LAWRENCE — After attending the Global Grand Challenges Summit in London, University of Kansas School of Engineering student Gyasi Talib knows one thing: He can go toe-to-toe with some of the top students in the world and hold his own.
“There were Ivy League schools there, students from top schools in London and China, and I was able to compete,” said Talib, a senior in architectural engineering from Kansas City, Missouri.
“He kind of put KU on the map,” added Andrew Williams, KU’s associate dean for diversity, equity & inclusion, who also attended the summit Sept. 16-18.
The Global Grand Challenges Summit was jointly hosted by the U.S., U.K. and Chinese academies of engineering, an event that brings together more than 900 of the world’s top engineers to brainstorm and present ideas to help solve the “Grand Challenges for Engineering in the 21st Century,” a list of 14 goals created in 2008 to improve life on the planet. Among those goals: create better medicines, improve urban infrastructure, prevent nuclear terror, and create methods to capture and store excess carbon dioxide to stem and reverse climate change.
A “Student Co-Lab” was held in the days leading up to the summit, in which multinational teams of engineering students were given less than two days to come up with a product and a business plan to address one of those 14 challenges. Presentations were limited to four minutes, followed by a three-minute Q&A with judges.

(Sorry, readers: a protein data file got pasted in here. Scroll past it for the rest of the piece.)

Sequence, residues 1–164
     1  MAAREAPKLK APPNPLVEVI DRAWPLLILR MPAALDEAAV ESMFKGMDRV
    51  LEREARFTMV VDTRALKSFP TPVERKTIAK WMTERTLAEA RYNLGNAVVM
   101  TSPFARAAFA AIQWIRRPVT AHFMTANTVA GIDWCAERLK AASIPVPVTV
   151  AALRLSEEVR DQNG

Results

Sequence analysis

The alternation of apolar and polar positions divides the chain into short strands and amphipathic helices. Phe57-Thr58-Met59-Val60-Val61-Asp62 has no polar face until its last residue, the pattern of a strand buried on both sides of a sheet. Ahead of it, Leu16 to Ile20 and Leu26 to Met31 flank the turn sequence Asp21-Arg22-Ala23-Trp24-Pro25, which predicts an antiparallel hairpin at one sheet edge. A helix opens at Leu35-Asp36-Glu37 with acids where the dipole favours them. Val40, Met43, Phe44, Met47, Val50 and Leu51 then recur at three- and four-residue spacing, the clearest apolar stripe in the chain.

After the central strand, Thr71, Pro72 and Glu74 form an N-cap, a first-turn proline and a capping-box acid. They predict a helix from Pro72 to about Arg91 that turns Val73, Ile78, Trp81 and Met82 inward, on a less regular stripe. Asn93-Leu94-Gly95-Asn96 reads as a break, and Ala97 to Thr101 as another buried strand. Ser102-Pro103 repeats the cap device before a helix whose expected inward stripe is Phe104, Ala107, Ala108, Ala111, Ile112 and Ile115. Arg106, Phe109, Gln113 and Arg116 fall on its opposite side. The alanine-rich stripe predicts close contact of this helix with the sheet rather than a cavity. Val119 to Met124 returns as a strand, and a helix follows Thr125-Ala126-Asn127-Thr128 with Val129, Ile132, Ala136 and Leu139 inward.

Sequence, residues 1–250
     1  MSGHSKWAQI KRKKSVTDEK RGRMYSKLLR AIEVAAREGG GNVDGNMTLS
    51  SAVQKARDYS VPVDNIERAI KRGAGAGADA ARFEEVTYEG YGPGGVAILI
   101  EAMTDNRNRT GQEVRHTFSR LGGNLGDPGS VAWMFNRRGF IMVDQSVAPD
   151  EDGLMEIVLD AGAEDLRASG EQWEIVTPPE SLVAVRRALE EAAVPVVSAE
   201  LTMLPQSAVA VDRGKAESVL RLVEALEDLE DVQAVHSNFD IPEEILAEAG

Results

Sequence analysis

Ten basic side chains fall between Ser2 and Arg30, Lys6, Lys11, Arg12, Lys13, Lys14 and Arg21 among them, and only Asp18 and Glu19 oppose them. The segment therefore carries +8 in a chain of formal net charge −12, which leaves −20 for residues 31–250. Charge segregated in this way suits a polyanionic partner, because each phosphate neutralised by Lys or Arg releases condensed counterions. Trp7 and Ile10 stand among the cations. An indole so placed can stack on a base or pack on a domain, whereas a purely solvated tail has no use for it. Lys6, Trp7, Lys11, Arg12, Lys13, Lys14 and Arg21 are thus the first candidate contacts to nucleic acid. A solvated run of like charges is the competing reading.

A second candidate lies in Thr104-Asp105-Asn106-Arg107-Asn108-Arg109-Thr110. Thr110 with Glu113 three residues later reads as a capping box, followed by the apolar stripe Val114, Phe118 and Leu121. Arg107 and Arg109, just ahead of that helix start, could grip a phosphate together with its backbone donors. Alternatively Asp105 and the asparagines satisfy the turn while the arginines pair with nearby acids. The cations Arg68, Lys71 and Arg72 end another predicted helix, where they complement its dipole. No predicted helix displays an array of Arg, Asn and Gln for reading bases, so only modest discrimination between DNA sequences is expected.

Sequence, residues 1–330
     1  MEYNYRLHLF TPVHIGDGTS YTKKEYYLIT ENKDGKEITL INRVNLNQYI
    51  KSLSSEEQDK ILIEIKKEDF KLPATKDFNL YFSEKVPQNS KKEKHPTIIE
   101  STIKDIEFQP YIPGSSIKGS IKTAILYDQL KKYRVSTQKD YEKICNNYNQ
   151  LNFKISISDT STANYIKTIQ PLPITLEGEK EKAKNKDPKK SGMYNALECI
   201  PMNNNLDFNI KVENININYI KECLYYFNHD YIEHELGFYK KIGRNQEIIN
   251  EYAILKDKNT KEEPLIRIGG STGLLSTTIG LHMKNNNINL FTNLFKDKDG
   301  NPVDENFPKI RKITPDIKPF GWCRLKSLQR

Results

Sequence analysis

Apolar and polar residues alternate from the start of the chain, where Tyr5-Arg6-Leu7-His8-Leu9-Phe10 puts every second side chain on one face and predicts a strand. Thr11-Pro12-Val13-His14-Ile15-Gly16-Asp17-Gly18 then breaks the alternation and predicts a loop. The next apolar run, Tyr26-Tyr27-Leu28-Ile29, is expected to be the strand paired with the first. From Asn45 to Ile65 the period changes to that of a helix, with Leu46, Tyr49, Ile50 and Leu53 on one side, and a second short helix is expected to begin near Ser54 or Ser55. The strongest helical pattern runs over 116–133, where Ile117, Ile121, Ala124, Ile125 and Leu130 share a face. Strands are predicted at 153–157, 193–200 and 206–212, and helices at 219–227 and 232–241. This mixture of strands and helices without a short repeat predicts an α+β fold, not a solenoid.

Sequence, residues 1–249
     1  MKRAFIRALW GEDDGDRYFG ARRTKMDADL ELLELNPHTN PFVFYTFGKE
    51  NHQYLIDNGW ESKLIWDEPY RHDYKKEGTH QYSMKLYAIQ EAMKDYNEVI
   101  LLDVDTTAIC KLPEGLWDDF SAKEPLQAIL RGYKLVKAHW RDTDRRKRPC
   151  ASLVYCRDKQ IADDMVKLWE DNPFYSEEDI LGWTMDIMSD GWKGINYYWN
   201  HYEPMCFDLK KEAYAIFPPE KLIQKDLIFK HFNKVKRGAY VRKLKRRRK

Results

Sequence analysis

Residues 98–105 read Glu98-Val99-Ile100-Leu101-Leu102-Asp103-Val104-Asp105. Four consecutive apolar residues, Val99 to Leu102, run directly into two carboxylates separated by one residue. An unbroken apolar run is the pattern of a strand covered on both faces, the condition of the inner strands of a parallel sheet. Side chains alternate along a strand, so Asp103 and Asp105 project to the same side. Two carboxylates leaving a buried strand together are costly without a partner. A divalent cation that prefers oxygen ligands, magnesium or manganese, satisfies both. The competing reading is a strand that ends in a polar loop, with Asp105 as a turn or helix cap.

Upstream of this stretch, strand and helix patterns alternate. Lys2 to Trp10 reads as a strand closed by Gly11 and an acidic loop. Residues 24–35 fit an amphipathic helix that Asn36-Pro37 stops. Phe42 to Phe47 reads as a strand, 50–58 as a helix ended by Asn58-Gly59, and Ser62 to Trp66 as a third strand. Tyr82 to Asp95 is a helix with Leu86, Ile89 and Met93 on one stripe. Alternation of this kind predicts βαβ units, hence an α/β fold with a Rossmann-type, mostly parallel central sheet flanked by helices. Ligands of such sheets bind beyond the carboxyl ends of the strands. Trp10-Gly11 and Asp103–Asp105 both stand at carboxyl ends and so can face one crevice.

Talib was on a team that placed in the top four out of 50 participating in the competition — 300 students in all — resulting in a chance to present their ideas to engineers at the main summit.
“It was pretty intense,” said Williams, who mentored a separate team. “They didn't have much time to do it. They did it within 36 hours. So I basically coached a team of students to come up with an idea, a prototype, a solution and business plan.”
“Our product was an app. It is a competitive tool that gives incentives for people to recycle,” Talib said. The app’s ability to track recycling would make it easier for big companies — particularly coffee companies like Starbucks — to connect their supply lines to sustainable sources, he said, and would also reward individuals who do the recycling.
The judges were impressed with the product, Talib said, but also his team’s plan to market it to the public.
“I think, after speaking with everybody there, going into an entrepreneurial trade is something I'm suited for,” Talib said. “That's something I didn't realize until this event.”
Williams said Talib has been an active participant in programs offered by iHAWKE, the School of Engineering’s diversity program, that give students a chance to compete and create ideas to help communities that need assistance. Those offerings helped prepare Talib for the international competition.
“The iHAWKE-a-thons gave me experience in leadership and public speaking, which helped in London,” Talib said.
“Not only did he understand the process, but he had really good people interaction and leadership characteristics,” Williams said. “He definitely contributed to the winning presentation.”
Talib also gained a new opportunity from the summit. He and other members of the team will be given another opportunity in March to develop their proposal.
"It shows we have very talented, very diverse students from the University of Kansas School of Engineering,” Williams said.